### In this article, I want to present intuition that stands behind bias-variance decomposition. We can see the process of learning from different perspectives. In machine learning, in general, we can see learning as a process leading us to find the best hyperplane that allows us to explain our problem. In this heuristic definition there are two aspects that are key to understanding the process: “the best” and “explain our problem”.

In any kind of learning, we have access only to some part of the information, so we can assume that the data we have can represent only some aspects of our problem. All this data always will be only a representation of some phenomenon, so we can intuitively feel that it will be somehow misled by different kinds of mistakes. Not only errors are limiting our information, but also the fact that you can rarely measure all ranges of values, especially in multidimensional problems.

Let’s notice that humans are perfect with learning from incomplete data. Imagine someone presenting to you a set of gate screws and ice screws, which you probably have never seen in your life but your capability of distinction between these two kinds of climbing gear grows from 0 accuracies to almost 1 in seconds. We must stress here that human training for this kind of classification is different from the training of artificial classifiers. People learn all the time so we have pre-trained classifiers and we use some kind of inference. We also master the process of quick retraining our classifiers.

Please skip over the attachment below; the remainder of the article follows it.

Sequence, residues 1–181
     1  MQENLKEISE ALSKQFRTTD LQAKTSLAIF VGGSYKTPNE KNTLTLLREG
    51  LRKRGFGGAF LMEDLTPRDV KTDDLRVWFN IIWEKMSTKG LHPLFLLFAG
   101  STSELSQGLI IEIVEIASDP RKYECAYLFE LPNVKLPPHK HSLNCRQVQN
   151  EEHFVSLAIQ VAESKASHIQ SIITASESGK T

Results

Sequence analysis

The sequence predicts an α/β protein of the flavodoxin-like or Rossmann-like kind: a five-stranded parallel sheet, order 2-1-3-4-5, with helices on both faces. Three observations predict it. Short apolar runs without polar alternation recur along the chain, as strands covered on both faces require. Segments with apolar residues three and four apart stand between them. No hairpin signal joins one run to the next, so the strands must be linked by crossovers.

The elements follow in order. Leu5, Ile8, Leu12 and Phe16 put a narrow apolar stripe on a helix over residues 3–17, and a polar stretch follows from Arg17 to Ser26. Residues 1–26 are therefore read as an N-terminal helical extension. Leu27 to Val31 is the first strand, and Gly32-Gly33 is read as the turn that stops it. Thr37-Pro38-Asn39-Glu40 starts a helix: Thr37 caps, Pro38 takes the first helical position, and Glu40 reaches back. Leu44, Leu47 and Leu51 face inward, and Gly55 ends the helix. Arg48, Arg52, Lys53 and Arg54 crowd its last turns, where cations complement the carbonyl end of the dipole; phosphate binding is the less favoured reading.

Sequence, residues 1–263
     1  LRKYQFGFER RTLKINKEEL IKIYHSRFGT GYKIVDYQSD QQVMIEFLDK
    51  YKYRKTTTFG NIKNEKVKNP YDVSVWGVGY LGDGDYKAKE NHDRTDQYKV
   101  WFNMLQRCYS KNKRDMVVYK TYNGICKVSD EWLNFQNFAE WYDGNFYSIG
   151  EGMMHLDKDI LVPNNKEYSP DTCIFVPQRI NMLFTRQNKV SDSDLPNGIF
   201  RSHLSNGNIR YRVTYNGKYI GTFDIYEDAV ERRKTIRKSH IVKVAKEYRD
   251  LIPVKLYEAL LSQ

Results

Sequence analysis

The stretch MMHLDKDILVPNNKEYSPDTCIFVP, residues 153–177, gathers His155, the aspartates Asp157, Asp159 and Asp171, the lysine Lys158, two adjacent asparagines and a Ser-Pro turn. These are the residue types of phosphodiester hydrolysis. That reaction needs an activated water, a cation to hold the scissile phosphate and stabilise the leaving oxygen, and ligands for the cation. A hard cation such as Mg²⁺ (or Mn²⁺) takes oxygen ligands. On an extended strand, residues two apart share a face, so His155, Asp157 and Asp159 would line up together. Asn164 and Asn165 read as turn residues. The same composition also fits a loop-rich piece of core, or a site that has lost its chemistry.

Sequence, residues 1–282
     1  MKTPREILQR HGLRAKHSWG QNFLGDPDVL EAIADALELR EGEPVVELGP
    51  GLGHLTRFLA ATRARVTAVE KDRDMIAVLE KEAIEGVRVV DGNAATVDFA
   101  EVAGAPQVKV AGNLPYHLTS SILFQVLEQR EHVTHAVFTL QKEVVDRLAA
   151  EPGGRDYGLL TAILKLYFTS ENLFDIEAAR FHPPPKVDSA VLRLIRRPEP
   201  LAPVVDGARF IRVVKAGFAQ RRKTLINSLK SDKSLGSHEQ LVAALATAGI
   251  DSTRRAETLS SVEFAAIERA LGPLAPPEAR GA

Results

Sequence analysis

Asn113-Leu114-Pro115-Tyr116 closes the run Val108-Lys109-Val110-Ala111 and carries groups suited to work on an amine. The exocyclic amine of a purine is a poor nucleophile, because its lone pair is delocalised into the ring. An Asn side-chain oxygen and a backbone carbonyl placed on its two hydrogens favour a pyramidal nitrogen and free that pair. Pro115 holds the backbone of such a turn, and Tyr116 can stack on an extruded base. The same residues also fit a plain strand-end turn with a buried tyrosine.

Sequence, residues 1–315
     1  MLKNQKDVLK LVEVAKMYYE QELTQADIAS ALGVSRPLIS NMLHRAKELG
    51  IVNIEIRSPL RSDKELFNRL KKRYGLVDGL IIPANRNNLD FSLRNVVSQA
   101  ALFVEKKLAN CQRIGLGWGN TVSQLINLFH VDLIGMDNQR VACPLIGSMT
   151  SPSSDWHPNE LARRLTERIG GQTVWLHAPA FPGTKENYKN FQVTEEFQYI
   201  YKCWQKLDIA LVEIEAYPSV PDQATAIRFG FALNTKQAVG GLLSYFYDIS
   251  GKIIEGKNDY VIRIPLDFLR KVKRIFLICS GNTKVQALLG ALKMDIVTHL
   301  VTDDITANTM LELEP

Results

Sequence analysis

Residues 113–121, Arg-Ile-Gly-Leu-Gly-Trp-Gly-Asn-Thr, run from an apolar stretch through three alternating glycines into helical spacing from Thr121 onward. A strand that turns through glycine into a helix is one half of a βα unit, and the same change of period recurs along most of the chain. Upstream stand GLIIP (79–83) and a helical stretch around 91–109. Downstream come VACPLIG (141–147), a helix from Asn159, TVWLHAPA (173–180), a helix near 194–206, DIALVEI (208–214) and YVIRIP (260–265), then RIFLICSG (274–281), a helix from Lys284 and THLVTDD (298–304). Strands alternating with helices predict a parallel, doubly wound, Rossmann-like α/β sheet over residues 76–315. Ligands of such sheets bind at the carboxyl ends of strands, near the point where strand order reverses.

Now, let’s leave these sophisticated neuro-tricks that our brain is using and focus on the problem of learning from real data in the machine learning framework. We have a few kinds of problems with real-world data. Size of data set, quality of data, and complexity of the phenomenon that we want to explain. It’s obvious that in the limit of an infinite data set some of these obstacles are no longer a problem but we are living in the real world so we must challenge real data sets. Let’s start our solution by suggesting some models and finding the best fit for them. Let’s use the following notation: